Testing worldviews: naturalism part 2

Let’s continue our look at naturalism, as discussed in schooloffish’s post, “DOES YOUR WORLD VIEW PASS THE TEST?” Today we find him taking up the argument from design:

What we see is an orderly Universe where everything is in a perfect location to allow for humanity to thrive. If the sun was just a little hotter, or colder, life could not exist. If the continents were a little bit out of alignment, the Tropics of Cancer and Capricorn would seize to flow and the world would be covered with ice. If our sun was just a little bit younger or older, our orbit would be such that the planet would be unable to sustain life. The fact is the Universe seems to be ordered, not in chaos as Darwin would have had us believe.

Needless to say, a scientific theory is basically a reasonably accurate description of some particularly orderly aspect of the natural world. If the universe were “chaos,” as schooloffish puts it, a theory like evolution would not even be possible. The absence of any predictable laws of cause and effect would completely invalidate science as we know it.

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Discovery Institute: Reviving and recirculating Nazi propaganda

Over at Discovery Institute’s “Evolution News and Views,” Senior Propagandist Jonathan West criticizes Dawkins for—are you sitting down?—comparing a rabbi’s speaking style to Hitler’s.

Now, after denouncing Expelled as “wicked, evil” and an “outrage” for pointing out that Darwinism was one of the intellectual influences on Nazism, Dawkins has compared a popular Rabbi who dares to criticize him to Hitler! And he did it no less on World Holocaust Remembrance Day. No, I’m not joking. As I’ve said before, it’s getting really hard to parody the Darwinists. They do it so well themselves.

Who knows what West thinks the “parody” would be here. Apparently, you can accuse “Darwinists” of promoting Nazism all day long, and everything’s just peachy, but if one of THEM dares to do the same to YOU, why, gosh, that’s just so over the top, it’s, it’s…well, I mean really. Even if that’s not actually what they really said.

We could look at the Boteach video (which starts off ranting about the British monarchy being a lie), but in fact it’s not really all that important who called whom the “H” word first. That’s just bickering; if you want more of that, watch trash talk TV. The more important issue is the link West cites above, attempting to blame evolutionary science for the Holocaust. It’s a link to a summary page on Evolution News and Views, listing a number of articles by DI fellows attempting to revive the Nazi propaganda that anti-Jewish genocide is scientifically justified.

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(Mis)understanding science

One of the problems with defending science in modern society is that a lot of people just don’t get it. For example, in referring to a recent article in New Scientist, conservapundit Vox Day complains:

This is just absurdly pathetic. The entire article is nothing but a list of excuses for why the model simply can’t do what New Scientist disingenuously insists that it can. Suggesting that something that already took place might perhaps maybe possibly have happened a certain way is not a prediction.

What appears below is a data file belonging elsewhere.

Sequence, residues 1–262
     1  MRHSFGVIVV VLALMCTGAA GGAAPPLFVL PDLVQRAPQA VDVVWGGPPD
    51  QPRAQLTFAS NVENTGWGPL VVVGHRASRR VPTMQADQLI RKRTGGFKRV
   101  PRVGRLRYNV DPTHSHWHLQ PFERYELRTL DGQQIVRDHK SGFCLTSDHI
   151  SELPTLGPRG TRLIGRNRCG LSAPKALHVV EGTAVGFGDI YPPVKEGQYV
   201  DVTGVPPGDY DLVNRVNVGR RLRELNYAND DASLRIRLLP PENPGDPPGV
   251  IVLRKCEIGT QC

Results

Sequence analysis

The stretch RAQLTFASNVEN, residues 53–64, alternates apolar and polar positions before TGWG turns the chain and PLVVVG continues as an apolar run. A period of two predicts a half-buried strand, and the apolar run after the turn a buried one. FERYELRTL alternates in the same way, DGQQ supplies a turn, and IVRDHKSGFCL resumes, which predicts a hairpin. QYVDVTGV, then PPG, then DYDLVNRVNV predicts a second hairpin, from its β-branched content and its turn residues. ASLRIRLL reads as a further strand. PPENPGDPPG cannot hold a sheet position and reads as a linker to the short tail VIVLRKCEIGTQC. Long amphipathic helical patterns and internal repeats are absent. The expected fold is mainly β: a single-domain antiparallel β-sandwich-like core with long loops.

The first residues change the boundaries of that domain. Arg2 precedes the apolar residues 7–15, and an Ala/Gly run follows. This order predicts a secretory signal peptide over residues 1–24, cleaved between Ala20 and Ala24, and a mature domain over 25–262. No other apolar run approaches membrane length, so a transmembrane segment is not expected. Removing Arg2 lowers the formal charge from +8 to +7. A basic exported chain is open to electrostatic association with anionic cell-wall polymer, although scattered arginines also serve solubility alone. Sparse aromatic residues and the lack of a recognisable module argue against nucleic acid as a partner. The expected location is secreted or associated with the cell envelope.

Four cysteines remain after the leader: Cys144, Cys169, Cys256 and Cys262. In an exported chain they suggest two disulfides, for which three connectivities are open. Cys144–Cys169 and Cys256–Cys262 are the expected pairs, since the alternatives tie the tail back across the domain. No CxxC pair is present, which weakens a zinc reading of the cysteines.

This kind of objection betrays a fundamental ignorance about how science works, and what it means for a particular theory or hypothesis to make “predictions”. In genuine science, it’s not only possible, but often necessary, to make predictions about things that have already happened.

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The cost of questioning your faith

Via Grrlscientist, the story of a creationist who learned, and who has paid the penalty for learning.

Reading this article makes it easier to understand why religious fundamentalists of all faiths have so much difficulty in accepting the truth since they stand to lose everything, including their very identity.

Contrast this with Mike Adams’s claim that “Accepting Christianity… is far more likely [than Islam] to have come from a rational appraisal of the evidence. And it is far less likely to have come from the threat of the sword.” But there are other threats besides swords, and more compelling.

 
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ID is “unscientific” — Dinesh D’Souza

In an astonishing post on Townhall.com, Dinesh D’Souza admits that evolution is scientific and ID isn’t.

The problem with evolution is not that it is unscientific but that it is routinely taught in textbooks and in the classroom in an atheist way…Instead of trying to get unscientific ID theories included in the classroom, a better strategy would be to get the unscientific atheist propaganda out.

Hmm, wonder how this is going to go over with the fine folks at Expelled?

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Pre-emptive lying from Chuck Colsom

It seems the Expelled propaganda machine has added a new trick to its repertoire: pre-emptive lying.

If you have heard of the new documentary Expelled: No Intelligence Allowed, opening April 18, chances are you have heard all kinds of distortions and myths about it. So let me set the record straight about some of the most common myths.